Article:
Since 1932, when a 50,000-resident town called Tel Aviv hosted the first Jewish equivalent of the Olympics, the Maccabiah Games have drawn the finest Jewish athletes to participate in a wide array of events. This year’s JCC Games, which began on Sunday, include the staples of sport, such as basketball and soccer, as well as more niche competitions, such as chess, bridge and squash. The event has grown so big that it is now one of the five largest sports gatherings in the world, causing the International Olympic Committee to officially recognize it as “regional games.”

And while these games offer nearly everyone a chance to play (the games have youth, open, and senior divisions allowing for almost all ages to participate) in a variety of settings—in addition to the Maccabiah of Israel, there are the European, Pan-American and North American JCC Games— the goal of the event is more than to simply provide Jews a forum in which to exhibit their athletic prowess.

In some cases, as with the European Games that were held in Vienna just a few weeks ago, it can be to show the endurance of the Jewish spirit.

This years European games in Vienna were the first in a German-speaking country since 1945, and overcoming the Holocaust was a constant theme of the games.

The opening ceremony took place at Vienna’s City Hall, several hundred yards away from where Hitler announced Germany’s annexation of Austria in 1938. The opening ceremony included footage of Hitler’s speech as well as pictures of the destruction he would go on to cause. However, the video then moved on to the Jewish recovery effort, as images of Jews rebuilding their communities in Europe and Israel flashed across the screen.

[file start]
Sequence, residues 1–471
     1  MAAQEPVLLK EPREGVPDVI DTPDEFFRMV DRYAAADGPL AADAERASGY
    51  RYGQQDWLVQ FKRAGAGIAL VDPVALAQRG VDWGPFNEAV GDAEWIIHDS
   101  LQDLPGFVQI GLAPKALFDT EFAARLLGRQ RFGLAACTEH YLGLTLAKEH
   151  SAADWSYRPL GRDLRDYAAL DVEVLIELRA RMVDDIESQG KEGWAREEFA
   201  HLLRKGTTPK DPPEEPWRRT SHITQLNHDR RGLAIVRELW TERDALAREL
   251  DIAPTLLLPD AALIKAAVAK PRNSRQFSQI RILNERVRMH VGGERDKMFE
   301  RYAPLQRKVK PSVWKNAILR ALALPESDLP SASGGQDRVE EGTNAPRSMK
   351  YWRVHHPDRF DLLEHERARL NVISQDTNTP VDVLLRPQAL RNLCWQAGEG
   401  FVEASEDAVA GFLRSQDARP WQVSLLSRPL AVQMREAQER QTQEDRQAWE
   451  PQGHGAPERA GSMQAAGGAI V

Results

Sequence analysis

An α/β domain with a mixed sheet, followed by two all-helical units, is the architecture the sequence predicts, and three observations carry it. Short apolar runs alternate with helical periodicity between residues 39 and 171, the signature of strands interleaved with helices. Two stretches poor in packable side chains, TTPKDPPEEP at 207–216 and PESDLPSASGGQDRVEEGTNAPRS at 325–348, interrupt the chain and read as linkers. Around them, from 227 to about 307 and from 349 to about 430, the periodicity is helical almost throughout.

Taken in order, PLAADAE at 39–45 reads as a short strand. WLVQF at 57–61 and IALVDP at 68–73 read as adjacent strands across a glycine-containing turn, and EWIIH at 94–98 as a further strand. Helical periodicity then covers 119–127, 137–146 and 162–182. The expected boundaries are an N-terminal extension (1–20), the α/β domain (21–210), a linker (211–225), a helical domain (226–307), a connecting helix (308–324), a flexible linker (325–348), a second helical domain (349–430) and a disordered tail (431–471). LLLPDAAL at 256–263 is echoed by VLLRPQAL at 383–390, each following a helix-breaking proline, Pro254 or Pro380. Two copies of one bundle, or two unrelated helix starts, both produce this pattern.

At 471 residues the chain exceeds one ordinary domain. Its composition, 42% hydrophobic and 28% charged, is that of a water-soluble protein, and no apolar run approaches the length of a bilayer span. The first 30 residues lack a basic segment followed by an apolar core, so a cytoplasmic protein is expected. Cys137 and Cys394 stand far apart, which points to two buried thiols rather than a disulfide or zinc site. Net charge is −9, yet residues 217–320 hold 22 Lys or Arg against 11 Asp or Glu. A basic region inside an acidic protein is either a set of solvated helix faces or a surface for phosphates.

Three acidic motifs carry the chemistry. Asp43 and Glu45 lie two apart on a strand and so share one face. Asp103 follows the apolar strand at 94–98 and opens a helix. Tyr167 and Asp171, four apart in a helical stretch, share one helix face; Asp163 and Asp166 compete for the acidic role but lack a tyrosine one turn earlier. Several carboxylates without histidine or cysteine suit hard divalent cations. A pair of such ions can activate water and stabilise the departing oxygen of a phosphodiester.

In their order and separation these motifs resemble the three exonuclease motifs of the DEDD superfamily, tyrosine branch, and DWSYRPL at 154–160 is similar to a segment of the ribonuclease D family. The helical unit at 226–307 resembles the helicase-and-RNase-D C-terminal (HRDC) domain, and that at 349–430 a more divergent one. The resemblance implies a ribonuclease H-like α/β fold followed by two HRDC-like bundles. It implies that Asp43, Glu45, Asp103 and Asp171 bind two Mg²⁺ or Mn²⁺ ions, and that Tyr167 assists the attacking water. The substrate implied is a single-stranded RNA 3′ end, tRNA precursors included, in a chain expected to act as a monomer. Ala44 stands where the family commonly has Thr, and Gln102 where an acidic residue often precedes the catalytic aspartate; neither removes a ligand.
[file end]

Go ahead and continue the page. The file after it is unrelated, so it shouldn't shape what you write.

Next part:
Speaker of the Israeli Knesset Reuven Rivlin focused on the spirit of endurance, saying, “We can’t forget the Vienna that was the city of Theodor Herzl, nor can we forget the Vienna of the Nazis…It’s a festival of the victory of the Jewish spirit over Nazi extermination.”

Two members of the American delegation in Vienna were, in fact, Austrian-born Jews, both of whom fled the country in 1938.

“I’m doing a symbolic swim,” one of those men, John Benfield, told the JTA. “I need to show the Nazis I’m still around.”

And Benfield, like many others, is there for something more than just athletic achievement.

Maccabi USA’s slogan is “building Jewish pride through sports.” The Maccabiah website describes the “principal mission” of the games as being not only “to facilitate a worldwide gathering of young Jewish athletes in Israel,” but also “strengthening their connection to the State of Israel and the Jewish People.”

The various versions of the Maccabi games do this by engaging host communities as well as including as many people as possible in delegations. The Maccabiah Games in Israel draw nearly 5,000 athletes, but the organization looks to include the “majority of Israeli citizens” in some capacity, whether as athletes, volunteers, or even just as spectators.